This is one of the films nominated for this year's Best Film award at the Academy Awards. It's received two other nominations for Best Supporting Actress (Octavia Spencer) and Best Adapted Screenplay. I shan't give away too much of the plot because it's still in the cinemas. It hasn't even been shown in England yet. It's unusual for Germany to show a film before England.
The film tells the true story of three women who worked for NASA in 1961, preparing to send the first American into space. Being female was a big enough disadvantage 50 years ago, but even worse for them was their skin colour: they were black. Today they would be called African Americans, in 1961 they were referred to as Coloreds. It's always amused me how Americans, unlike the English, avoid the word "black", both in the past and the present.
All three were highly qualified for their jobs, but they were held back by their gender and skin colour. In particular Katherine Coleman was a mathematical genius who far excelled any of the white men around her. Fortunately Al Harrison, the head of the Space Task Group, didn't share the prejudices of the day, and he insisted on having her in his team. His only interest was to put a man into space (and eventually on the Moon), and he wanted the best possible person for the job. That was Katherine.
Dorothy Vaughan was the unofficial supervisor of a group of women computers. In the days before the machines that we call computers today, the word "computer" was the job description for a mathematician who did calculations on paper. Dorothy did the work of a supervisor after the retirement of the previous supervisor, but she couldn't be promoted because of her skin colour.
Mary Jackson is a computer who wants to be promoted to the rank of engineer, but she doesn't have sufficient qualifications, because she isn't allowed into the colleges where she would receive the training, once more a problem of skin colour.
What I like about this film, in contrast to other films about racial prejudice, is that segregation is shown in a comical fashion. The film doesn't set out to tell us that segregation is bad, it tells us that it's stupid, and it's so stupid that we have to laugh at it. There were several scenes that made the cinema audience laugh. Katherine Coleman wasn't allowed to use the white women's toilet (American "bathroom"), so she had to walk 20 minutes to another building, meaning a 40 minute break every time she had to relieve herself. On her second day in the Space Task Group her colleagues gave her a coffee can labelled "Coloreds", because they didn't want her touching their can.
I was especially impressed by Kirsten Dunst in the film, who played the head of human resources. She was polite to the coloreds and never said anything wrong, but her body language and her awkwardness made it obvious that she was one of the most prejudiced people in NASA. Brilliant acting!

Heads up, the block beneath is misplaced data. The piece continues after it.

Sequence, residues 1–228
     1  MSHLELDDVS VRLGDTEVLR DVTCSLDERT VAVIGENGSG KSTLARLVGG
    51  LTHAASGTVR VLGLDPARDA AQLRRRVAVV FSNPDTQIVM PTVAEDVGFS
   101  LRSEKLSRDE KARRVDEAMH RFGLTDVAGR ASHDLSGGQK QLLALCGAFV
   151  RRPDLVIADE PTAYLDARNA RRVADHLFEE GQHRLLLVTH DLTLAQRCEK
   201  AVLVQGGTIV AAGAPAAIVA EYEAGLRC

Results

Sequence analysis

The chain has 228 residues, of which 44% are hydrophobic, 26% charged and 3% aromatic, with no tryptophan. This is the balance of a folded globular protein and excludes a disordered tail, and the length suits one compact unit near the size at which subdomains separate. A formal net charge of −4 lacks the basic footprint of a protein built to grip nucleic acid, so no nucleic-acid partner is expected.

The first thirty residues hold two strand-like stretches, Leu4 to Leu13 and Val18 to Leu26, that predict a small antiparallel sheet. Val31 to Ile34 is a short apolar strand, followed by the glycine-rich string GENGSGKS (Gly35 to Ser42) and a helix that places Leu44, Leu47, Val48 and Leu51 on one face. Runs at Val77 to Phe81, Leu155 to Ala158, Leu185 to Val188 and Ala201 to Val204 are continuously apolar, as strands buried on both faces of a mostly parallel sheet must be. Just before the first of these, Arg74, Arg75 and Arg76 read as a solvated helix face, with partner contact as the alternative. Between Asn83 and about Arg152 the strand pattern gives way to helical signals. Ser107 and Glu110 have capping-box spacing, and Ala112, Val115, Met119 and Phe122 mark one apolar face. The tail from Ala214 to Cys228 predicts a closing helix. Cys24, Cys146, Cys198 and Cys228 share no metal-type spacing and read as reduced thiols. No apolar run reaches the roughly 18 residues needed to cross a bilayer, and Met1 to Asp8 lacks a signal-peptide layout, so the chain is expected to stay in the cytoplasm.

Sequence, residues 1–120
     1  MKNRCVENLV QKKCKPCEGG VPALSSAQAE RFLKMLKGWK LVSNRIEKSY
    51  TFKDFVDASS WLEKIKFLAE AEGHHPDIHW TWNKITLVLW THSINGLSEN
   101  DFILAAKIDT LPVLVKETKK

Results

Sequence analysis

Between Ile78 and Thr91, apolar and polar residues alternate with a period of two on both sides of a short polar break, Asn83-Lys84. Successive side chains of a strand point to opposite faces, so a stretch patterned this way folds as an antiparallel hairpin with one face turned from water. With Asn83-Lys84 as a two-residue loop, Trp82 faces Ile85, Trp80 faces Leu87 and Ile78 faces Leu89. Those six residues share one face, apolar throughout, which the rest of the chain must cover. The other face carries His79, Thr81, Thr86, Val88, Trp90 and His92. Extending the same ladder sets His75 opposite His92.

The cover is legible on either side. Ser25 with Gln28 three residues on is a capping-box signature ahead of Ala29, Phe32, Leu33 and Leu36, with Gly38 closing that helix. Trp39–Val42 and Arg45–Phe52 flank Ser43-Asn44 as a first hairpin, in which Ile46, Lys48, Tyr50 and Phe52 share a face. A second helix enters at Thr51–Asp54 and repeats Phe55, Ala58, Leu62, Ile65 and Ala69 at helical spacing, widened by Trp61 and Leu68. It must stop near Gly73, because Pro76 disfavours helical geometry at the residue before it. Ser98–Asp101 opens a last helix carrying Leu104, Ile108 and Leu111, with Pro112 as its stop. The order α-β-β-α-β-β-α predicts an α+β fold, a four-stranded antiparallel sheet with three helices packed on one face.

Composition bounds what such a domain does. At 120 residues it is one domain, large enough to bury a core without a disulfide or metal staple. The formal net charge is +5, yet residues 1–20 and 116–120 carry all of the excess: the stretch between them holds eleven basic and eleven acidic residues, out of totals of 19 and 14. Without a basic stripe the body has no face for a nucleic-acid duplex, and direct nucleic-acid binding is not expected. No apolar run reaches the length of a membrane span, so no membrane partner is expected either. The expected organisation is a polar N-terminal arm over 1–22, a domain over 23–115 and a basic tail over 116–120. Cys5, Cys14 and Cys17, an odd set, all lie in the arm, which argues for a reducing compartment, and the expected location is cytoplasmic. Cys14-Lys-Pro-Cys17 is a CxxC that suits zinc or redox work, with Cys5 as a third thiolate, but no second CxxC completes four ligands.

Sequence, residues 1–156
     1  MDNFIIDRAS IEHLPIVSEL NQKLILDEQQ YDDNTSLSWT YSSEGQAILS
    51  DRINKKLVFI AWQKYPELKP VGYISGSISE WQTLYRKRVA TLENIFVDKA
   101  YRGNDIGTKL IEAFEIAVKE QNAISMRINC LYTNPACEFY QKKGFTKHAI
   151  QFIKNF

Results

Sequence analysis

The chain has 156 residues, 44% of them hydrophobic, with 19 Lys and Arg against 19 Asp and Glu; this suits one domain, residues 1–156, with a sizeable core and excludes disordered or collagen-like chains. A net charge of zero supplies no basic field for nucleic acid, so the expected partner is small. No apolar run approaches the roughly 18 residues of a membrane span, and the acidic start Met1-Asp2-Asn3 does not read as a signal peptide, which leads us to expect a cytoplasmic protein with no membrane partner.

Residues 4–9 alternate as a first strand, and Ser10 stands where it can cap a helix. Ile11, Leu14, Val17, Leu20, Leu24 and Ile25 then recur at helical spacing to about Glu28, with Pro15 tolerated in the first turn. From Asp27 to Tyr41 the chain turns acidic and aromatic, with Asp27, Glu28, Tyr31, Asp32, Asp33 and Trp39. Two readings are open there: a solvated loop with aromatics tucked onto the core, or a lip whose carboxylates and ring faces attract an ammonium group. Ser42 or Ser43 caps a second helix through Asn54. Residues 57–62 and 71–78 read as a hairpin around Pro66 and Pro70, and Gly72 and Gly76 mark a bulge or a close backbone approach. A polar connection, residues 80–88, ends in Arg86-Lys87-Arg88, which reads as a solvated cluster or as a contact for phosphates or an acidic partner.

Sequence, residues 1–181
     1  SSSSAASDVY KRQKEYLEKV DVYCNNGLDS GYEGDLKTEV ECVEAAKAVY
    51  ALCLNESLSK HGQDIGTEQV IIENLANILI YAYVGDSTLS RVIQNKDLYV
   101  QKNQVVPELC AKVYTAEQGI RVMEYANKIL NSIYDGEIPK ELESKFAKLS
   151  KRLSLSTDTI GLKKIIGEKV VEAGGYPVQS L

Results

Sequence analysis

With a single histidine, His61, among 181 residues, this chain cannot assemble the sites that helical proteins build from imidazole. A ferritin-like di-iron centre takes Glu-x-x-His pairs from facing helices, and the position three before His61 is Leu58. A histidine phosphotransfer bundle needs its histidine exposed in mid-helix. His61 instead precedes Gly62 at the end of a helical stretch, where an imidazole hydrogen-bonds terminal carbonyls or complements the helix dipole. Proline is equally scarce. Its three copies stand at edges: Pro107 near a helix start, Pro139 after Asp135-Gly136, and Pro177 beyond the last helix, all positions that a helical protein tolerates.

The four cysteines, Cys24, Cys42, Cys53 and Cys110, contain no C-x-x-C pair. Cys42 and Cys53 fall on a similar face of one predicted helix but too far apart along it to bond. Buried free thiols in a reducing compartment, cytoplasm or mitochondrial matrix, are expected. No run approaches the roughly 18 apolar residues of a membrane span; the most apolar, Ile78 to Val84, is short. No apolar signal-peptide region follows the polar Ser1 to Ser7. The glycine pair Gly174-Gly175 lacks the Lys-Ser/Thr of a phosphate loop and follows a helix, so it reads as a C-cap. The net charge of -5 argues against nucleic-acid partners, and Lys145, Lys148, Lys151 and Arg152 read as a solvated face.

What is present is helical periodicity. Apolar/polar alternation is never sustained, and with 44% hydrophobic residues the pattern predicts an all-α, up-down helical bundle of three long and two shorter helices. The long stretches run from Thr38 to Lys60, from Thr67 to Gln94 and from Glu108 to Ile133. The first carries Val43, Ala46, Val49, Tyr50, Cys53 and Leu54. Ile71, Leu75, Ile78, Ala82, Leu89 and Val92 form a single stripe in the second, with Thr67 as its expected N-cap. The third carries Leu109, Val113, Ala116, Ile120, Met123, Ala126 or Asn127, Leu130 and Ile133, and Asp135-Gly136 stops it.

I have a problem talking about racial prejudice. I'll use the word "racism", even though I'm aware that it's not exactly the same thing. My problem is that I just don't understand it. Judging a person on his skin colour is just as ridiculous as judging him on his hair colour or the size of his ears. It doesn't matter what a person looks like on the outside, what matters is what the person thinks, says and does. That's so obvious to me that I can't understand why anyone should disagree with me. The only thing I can conceive is that if someone grows up in a secluded environment and never meets a black person he might believe that black people are somehow inferior, out of pure ignorance. However, as soon as he makes contact he should recognise that they're just as good as white people.
My lack of understanding of racism sometimes makes me seem insensitive. When I lived in England I insulted a black friend by making light of racism. I didn't realise that it was a big issue for him. For me it's something not worth mentioning, and if the subject ever does come up I make fun of it.
Gender prejudice is a different matter. There are big differences between men and women, in physical capabilities and temperament. Of course, this doesn't mean that a woman can't be more intelligent than a man, as we see in the case of Katherine Coleman.
In the last few years, especially the last two years, there has been a lot of criticism of the Academy Awards because of the lack of diversity. What's meant is that too few Oscars have been awarded to black actors and directors. This whole argument annoys me. It's not up to the Academy Awards to be diversified; it's their job to decide which actors and directors are the best, regardless of their skin colour. It would be stupid to award an Oscar to the second best actor just to fulfil a quota. There are many first class actors who are black. If we want more diversity in the awards, the solution has to be found elsewhere. First of all, black actors have to work hard to be better than their white colleagues. The competition is tough, but it's not impossible. Secondly, more roles have to be offered to black actors. I mean sensible roles. Too often roles are handed out on a racial quota basis, especially for Marvel films. For instance, Idris Elba is one of the world's best actors, but casting him as Heimdall, a Norse God, was pure idiocy, motivated only by the quota of having at least one black actor in the film.
Another way to create diversity is to write and direct better films starring black actors. Look at "Hidden Figures". It deserves to win this year's Best Film Oscar, not because it's a film about black issues, but because it's the best film. That's real diversity.
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